“What do you want for your birthday, Isaac?”
“A Nerf gun.”
“Well, what else do you want for your birthday?”
“A kit to make a Nerf gun.”
“Are you going to get me a Nerf gun?”
“What do you think?”
We are not going to get him a Nerf gun, not for his birthday or Hanukkah or Christmas or any other occasion. We’re not going to pick up that toy gun at the garage sale. Even though that’s all he wants, even though it’s only a quarter, even though every stick becomes a weapon anyway, even though they’re just toys, shooting orange foam bullets, even though so many of the kids have them and they’re not real. We are not going to get him a Nerf gun, or any other kind of gun.
I waver on this sometimes. I hear the voices in my brain telling me to lighten up a bit. They’re just toys, the voices say. They’re not going to grow up to be mass murderers. They’re just playing. Just loosen your standards the way you have on, say, sugar and red dye #2 and pizza day and getting to school on time and the perfect coat of sunscreen and fart jokes and juice boxes and driving instead of cycling and screen time and any number of the standards I have set so high only to watch them tumble down under the weight of reality and fatigue and competing demands. What will it hurt?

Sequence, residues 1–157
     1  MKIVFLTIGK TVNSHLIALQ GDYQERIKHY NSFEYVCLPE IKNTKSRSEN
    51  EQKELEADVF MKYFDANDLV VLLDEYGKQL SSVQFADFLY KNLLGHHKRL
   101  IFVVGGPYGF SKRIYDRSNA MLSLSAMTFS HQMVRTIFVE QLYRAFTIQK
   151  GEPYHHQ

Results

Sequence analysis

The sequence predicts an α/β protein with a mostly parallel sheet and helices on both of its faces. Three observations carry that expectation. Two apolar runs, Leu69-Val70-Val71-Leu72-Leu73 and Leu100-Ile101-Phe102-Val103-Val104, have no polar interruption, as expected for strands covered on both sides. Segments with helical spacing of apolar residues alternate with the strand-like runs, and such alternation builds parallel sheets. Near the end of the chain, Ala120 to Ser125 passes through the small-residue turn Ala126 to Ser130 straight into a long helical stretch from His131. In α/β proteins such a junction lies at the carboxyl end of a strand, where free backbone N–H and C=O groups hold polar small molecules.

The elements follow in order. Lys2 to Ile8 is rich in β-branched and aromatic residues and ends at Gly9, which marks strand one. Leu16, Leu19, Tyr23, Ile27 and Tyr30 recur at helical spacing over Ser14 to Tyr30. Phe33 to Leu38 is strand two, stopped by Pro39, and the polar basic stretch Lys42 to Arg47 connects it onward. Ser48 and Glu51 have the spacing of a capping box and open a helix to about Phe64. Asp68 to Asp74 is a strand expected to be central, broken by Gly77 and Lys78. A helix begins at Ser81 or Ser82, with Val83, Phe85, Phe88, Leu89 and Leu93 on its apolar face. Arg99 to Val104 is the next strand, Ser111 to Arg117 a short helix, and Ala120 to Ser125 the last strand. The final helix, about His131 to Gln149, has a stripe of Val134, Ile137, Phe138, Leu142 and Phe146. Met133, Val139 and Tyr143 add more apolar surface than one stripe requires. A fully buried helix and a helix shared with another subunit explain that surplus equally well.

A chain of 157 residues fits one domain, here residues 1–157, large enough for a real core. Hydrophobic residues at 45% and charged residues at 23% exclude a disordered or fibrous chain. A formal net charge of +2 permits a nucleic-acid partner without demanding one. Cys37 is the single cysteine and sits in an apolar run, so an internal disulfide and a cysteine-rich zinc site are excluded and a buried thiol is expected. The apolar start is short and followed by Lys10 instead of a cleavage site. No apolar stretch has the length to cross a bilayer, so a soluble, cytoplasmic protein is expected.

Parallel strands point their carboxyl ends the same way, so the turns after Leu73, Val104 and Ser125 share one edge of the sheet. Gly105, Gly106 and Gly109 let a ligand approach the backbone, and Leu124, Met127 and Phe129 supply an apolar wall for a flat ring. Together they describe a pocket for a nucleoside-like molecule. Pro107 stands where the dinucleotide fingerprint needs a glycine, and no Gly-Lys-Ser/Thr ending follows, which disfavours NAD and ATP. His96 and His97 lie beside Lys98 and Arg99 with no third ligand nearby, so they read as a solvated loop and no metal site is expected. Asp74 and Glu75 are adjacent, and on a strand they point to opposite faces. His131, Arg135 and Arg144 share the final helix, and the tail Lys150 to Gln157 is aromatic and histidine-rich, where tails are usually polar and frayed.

And as I waver, the guns sneak into the house — on top of our fridge right now is a pink toy revolver and two, genre-unspecified plastic guns that Isaac managed to “trade” with a friend down the street. I try not to make a big deal about the guns when they do sneak in. But if I see one lying around I shove it under the couch with my foot or place it somewhere high enough that my younger son won’t see it, and make a mental note to return contraband weapons to our neighbours’.
The Star Wars Lego figures come with guns — I get it. The laser tag birthday party — I get it. The antiquated video arcade at the airport with the game with the rifle — I get it. It’s all around us. How will one small stance make any difference?
What will it hurt? I’ve read all the arguments, back and forth. And fine, people can argue. But it’s not logic that compels this particular decision, not the statistics for the evidence either way, although I am — unsurprisingly — very much on the side of the anti-gun movement.
It’s just that every time I consider just relaxing about the guns I think about Newtown. I think of the blur of massacres, murders, accidents, atrocities, stretching back as far as I can remember and I think, No. I’m not going to actively support and participate in a culture — even if it’s just pretend — designed to maim and kill and threaten and destroy. I don’t care if my stance is only symbolic. I don’t care if it’s hypocritical, untenable, illogical, hysterical. I’m not buying toy guns for my kids because, well, I’m not. They’ll live just fine without them, and I’ll live with myself just that bit more peacefully.
What is your stance on toy guns? Tweet me @MamaNonGrata.